Activist acquitted on terrorism charges – a victory for the freedom to organise politically

Between 13 and 16 December 2016 the Central Criminal Court at the Old Bailey was treated to a lesson in revolutionary politics, socialism and armed struggle, as revolutionary activist Alaettin Kalender went on trial, charged with possession of articles likely to be of use to terrorists. 

The prosecution followed police raids on 6 April on the Anatolian People’s Cultural Centre in north London and the homes of two of the Centre’s activists. Items seized from Alaettin’s home included a copy of a 67-page magazine produced by the Turkish revolutionary organisation Devrimci Sol (Revolutionary Left) in 1997. 

It was alleged that seven pages of the magazine contained instructions on how to make bombs. The first two days of the court case were taken up with the prosecution case, which involved linking these pages to other articles in issues of the same magazine about armed actions carried out by Dev Sol. These included the 1996 execution of three high-up employees of the Sabanci corporation in response to the state murder of 17 Kurdish and Turkish political prisoners, and the 1998 attack on Turan Ünal, a contra-guerilla who had been involved in the torture and murder of four Devrimci Sol fighters. The case of a wounded Devrimci Sol guerrilla who blew herself up killing a senior police officer was also brought up by the prosecution.

On the third day Alaettin gave evidence to the court. He told the jury that he was 50 years old and a socialist.  He had been employed as a teacher in Turkey and in his earlier life was a practising Muslim and not politically active; however after moving to East Anatolia, he got to know people of different nationalities and beliefs (especially Kurdish people and Alevis) and his views slowly changed over the four to five years he lived there. This gradual change came to a head when a group of people, including 18-20 high school students whom he had taught, were massacred with chemical weapons: ‘I started to question my own thoughts and I felt close to the oppressed people. To get to know the oppressed, I started to research and learn. I found out, and I still believe, that socialism is the only system that favours the oppressed.’ When asked what he understands by socialism, Alaettin said that he would define it as ‘food, justice and freedom’.

Asked about armed struggle, he replied that it is not easy to resist fascism and that he respects all those who struggle against it, whether they are armed or unarmed. He went on to explain that, in his view, when we see revolutionaries martyr themselves for the struggle, we should question and try to understand why they felt so strongly that they gave their lives for their beliefs. In the search for answers to such questions, Alaettin explained that he considered it completely legitimate and lawful to read literature which helps us to understand the motivation of such fighters.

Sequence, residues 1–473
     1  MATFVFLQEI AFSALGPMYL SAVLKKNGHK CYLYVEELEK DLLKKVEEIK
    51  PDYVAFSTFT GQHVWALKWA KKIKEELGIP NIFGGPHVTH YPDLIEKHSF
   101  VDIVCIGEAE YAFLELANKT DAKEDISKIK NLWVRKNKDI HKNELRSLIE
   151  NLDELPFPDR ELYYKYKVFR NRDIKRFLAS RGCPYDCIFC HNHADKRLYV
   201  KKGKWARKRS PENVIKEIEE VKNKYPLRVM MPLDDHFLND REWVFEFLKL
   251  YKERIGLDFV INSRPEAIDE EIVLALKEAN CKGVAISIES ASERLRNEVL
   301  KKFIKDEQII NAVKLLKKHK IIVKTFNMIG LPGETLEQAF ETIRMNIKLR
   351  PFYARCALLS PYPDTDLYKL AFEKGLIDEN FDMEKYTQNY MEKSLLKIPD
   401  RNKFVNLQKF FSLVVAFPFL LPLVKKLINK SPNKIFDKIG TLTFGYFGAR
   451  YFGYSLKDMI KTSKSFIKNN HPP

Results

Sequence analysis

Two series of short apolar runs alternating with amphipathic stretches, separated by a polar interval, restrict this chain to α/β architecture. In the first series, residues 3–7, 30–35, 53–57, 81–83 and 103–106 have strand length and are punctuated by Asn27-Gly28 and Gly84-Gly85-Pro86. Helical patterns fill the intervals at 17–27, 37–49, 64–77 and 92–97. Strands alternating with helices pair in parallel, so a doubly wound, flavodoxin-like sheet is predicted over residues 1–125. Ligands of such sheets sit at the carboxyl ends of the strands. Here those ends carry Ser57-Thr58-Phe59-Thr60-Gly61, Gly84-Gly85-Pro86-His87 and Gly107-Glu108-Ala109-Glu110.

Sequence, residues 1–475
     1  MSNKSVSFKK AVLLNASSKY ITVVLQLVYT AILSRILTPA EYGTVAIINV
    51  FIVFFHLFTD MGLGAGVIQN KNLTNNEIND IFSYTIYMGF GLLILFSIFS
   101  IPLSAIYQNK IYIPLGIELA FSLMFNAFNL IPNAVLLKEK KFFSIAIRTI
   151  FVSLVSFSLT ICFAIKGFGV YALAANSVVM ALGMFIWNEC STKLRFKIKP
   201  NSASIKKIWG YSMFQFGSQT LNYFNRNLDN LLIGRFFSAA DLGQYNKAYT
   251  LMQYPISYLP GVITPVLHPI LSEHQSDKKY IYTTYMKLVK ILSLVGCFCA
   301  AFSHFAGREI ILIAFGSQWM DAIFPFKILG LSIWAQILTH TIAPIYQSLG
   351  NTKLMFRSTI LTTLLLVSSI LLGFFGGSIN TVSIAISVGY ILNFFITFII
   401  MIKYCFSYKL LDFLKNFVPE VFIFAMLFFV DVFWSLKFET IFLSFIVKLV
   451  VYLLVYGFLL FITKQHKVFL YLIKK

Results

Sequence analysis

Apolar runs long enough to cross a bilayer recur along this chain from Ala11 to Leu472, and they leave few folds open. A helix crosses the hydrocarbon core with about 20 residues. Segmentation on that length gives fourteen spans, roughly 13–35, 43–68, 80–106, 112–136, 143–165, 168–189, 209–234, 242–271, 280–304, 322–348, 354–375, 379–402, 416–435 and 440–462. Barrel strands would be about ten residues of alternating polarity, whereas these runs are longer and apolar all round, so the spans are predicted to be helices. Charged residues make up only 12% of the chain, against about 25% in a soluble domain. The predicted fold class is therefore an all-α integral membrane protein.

Alaettin had the benefit of a strong, supportive legal team who helped him to explain all this fully to the court. The jury members in turn were convinced and pronounced him ‘Not Guilty’. 

After Alaettin’s acquittal, the police wanted to destroy the Revolutionary Left magazine which had been the focus of the case, but he and his comrades demanded it be returned to them, agreeing that the bomb-related section could be torn out first.

Throughout the four-day hearing, supporters of the Anatolian People’s Cultural Centre packed the public gallery, seeing the case as not simply an attack on one man, but as a judgment on all their right to freely read revolutionary socialist literature. Those who attended were both old and young, some already knowing all about the matters raised by the prosecution and responded to by Alaettin, while others learned about them for the first time. As a press release issued by Yuruyus magazine on 16 December stated: ‘This court case was like a four-day tutorial.’ 

The same press release also recounts a joke made by the barrister in the case as part of his submissions, which made the whole court smile: ‘Alaettin is being prosecuted for a 1997 publication containing pages about bomb construction. We've been looking at this material on bomb making here for four days. So this means that the court clerks, lawyers, 12 members of the jury and all the spectators now know how to build a bomb. So we can all be judged.’ 

The Revolutionary Communist Group congratulates Alaettin and his comrades on this victory for freedom of political expression. A luta continua!

 

Our site uses cookies to improve your browsing experience. By using the site you consent to the use of cookies.
More information Ok